Social media gives us the opportunity to not only see the trends in social opinion, but even to be a part of the trend. It’s a fun and empowering change from passive reception of news articles to instead become involved and interactive. I’m sure most mothers out there saw the cover of Time magazine from a couple weeks back; the photo of a mother breastfeeding her older-than-toddler son. Overwhelmingly what I saw among most of my friends was a response of “let people do what they want!” or “let’s care about things that matter!”. So I can’t help but think that this is a really cool time to be a Mom of young children. Although we’re navigating the balance of how to share fun stuff about our children without being proud or braggy, and although we’re figuring out how to be honest about our failures and shortcoming with out expressing indifference to them, I feel like I’ve been blessed to be going through these years with little ones at a time in social culture when most of us embrace two very important realities:

First reality: we don’t have to be the same! The vast majority of the decisions that we make as parents involve areas of life where it’s totally fine to do things differently. I may choose to clean up after my kids five times a day… this isn’t going to ruin them. Another may choose to allow the toys to accumulate for a week… this isn’t going to ruin them. I may choose to stop breastfeeding at a year. Another may choose to use formula from day one. Still another may choose to breastfeed until the age of the ‘controversial’ Time cover. There is freedom to be different! The areas of life that actually matter, things like loving our kids, reading to out kids, enjoying our kids… all these things can be accomplished with the details (to clean or not to clean, to breastfeed or not to breastfeed) looking totally different from home to home.

Second reality: life is a combination of joy and of difficulty. Clearly there is nothing remotely revolutionary in that thought, but I think that many of us are very much desire to ‘be real’ in all areas of our lives, and this includes in social media. I don’t think I need to feel bad, or guilty, or fake when I post a picture of my awesome little Jake in his corduroy jacket and red chucks. That is him. He is handsome and wonderful. That’s real. I don’t need to feel guilty or burdened or like I’m trying to present a false image of perfection when I share a status update of something beautiful and encouraging that one of the kids has said. Those moments of beauty and delight, they’re real. But at the same time, life is not glossy perfect. For every single one of us, there is more to our story than those pictures and those captions. There are difficult days and challenging or even dark moments for sure. And I think with many of us, we want to share that too. We want to share about the mess.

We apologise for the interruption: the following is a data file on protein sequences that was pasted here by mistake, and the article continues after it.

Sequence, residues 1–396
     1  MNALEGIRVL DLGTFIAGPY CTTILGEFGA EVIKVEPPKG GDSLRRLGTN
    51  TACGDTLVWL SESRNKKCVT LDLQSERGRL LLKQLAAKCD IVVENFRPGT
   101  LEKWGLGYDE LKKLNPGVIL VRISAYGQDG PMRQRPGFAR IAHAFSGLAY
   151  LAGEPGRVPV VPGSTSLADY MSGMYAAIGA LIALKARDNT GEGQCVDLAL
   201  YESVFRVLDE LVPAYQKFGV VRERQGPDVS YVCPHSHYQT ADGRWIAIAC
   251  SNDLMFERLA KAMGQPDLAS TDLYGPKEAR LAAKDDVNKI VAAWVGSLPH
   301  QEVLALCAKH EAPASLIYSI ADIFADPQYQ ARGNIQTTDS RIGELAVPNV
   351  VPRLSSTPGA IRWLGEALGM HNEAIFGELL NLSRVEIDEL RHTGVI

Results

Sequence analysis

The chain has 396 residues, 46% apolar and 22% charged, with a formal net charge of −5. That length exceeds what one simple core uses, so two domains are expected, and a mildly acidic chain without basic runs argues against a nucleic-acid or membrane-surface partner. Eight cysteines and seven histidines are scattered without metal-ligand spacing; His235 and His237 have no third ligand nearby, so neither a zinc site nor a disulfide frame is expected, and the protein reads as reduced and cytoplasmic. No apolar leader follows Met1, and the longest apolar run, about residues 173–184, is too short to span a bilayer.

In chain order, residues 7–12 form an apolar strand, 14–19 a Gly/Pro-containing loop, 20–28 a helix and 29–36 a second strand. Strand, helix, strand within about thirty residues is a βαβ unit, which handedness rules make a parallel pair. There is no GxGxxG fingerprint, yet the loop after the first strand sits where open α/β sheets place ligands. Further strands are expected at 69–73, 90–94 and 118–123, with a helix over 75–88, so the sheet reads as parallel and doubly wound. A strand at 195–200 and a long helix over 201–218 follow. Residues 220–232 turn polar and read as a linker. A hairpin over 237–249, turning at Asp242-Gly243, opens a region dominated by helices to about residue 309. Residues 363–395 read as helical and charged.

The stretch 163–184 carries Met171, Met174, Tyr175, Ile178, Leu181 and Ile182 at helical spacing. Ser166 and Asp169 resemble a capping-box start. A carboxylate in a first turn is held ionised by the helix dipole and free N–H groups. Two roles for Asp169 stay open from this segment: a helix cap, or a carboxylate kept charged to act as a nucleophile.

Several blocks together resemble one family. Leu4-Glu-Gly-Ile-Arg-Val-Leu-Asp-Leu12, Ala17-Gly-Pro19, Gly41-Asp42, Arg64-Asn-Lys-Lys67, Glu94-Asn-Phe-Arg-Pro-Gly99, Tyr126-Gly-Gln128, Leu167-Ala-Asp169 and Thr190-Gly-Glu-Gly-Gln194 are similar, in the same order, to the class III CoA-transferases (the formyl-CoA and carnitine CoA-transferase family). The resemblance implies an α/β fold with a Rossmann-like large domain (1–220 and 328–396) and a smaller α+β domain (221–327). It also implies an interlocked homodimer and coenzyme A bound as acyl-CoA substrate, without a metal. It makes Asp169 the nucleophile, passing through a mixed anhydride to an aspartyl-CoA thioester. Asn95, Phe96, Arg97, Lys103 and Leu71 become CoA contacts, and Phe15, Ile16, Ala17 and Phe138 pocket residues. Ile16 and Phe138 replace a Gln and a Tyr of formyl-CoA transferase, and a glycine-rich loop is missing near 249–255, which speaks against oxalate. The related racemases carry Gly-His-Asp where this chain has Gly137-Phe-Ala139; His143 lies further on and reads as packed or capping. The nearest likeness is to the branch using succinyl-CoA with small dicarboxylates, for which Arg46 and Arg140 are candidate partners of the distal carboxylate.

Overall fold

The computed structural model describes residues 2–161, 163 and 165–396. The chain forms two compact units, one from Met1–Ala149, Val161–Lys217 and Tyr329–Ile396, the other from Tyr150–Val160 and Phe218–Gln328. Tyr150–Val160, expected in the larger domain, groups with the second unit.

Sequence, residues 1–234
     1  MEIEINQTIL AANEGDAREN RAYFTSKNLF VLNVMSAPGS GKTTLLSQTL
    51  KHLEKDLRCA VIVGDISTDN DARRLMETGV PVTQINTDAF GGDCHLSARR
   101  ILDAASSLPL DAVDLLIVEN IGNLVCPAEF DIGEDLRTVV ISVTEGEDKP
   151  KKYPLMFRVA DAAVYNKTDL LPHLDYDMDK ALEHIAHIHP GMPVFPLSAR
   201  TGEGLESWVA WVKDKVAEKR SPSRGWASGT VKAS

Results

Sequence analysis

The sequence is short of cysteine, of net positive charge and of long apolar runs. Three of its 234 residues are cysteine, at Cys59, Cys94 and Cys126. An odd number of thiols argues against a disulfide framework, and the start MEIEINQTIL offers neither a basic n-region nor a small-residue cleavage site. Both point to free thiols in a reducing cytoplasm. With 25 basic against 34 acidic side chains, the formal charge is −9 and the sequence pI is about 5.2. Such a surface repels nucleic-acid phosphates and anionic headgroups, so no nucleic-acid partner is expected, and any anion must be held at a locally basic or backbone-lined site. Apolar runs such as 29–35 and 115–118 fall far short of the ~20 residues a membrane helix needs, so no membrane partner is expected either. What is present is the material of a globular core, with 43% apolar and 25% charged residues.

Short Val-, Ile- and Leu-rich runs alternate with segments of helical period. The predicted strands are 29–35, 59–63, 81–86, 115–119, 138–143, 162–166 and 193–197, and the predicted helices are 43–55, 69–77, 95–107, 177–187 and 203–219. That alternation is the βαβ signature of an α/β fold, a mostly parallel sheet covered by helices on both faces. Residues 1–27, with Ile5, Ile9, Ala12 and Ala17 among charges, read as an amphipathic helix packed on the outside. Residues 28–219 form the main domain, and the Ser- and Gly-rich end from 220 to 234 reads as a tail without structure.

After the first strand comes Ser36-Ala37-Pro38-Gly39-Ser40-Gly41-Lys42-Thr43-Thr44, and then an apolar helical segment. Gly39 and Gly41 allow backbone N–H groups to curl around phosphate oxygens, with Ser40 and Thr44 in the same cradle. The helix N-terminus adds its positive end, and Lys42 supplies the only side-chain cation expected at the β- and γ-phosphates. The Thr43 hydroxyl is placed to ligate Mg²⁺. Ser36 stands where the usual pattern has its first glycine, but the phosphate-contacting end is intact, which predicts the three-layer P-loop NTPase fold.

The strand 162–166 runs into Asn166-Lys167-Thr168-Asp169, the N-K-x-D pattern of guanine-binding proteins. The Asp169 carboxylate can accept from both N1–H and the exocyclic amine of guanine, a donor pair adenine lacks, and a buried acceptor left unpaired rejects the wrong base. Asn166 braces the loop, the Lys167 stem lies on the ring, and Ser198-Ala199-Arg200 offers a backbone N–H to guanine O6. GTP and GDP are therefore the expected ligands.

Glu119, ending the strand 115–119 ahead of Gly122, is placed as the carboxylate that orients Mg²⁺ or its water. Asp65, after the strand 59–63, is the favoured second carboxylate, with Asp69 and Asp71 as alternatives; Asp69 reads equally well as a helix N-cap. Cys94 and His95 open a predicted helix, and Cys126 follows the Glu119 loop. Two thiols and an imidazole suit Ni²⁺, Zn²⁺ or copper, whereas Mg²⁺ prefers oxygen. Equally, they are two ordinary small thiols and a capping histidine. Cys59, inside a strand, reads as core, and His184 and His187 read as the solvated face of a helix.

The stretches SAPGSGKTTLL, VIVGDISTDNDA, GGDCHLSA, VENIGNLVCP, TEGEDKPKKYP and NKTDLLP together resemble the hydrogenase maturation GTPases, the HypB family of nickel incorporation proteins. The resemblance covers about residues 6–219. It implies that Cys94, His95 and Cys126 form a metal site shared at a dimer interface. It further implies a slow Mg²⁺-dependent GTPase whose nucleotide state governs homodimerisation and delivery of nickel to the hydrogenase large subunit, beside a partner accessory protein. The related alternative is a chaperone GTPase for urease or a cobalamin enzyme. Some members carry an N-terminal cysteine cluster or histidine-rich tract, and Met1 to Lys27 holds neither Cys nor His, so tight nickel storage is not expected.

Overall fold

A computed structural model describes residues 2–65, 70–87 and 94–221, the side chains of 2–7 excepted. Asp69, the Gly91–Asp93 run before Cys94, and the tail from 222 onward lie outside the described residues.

Everything that I just wrote emerged from a silly little status that I just posted on facebook earlier this morning. Here it is: “Sometimes I wonder how it's even possible for my home to go from being clean and tidy when we wake up to looking like it's been burglarized and ransacked in a mere couple of hours. It's almost impressive when you consider that it's the handiwork of only two little people... actually, come to think of it, it's really the work of just one little person named Josh.”

A few friends shared their thoughts:

~“We have that same problem but multiply it by 4! It’s ridiculous!”
~“Trying to clean when you have small children is like shoveling the walk while it’s still snowing. – Phyllis Diller”
~“Mom mom used to say ‘Our house is messy enough to be happy and clean enough to be healthy.’ A good goal!”
~”Ha. That’s funny. Yesterday I said to Vicky: ‘Our house looks like it’s been burglarized.”

And there you have it. With all the time wasting we can at times do on facebook or other sites, we can also share in each other’s messes and be a source of lighthearted encouragement to each other even in the little things. Somehow it heartens me to share about the mess and hear that other people’s homes look like they’ve been burglarized from time to time too.